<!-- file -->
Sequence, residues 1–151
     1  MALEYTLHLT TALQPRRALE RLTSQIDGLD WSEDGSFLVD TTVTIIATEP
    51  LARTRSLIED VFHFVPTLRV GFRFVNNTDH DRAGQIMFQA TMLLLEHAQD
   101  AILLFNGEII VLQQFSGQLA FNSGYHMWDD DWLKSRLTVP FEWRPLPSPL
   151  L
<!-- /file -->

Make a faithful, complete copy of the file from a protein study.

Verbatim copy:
Sequence, residues 1–151
     1  MALEYTLHLT TALQPRRALE RLTSQIDGLD WSEDGSFLVD TTVTIIATEP
    51  LARTRSLIED VFHFVPTLRV GFRFVNNTDH DRAGQIMFQA TMLLLEHAQD
   101  AILLFNGEII VLQQFSGQLA FNSGYHMWDD DWLKSRLTVP FEWRPLPSPL
   151  L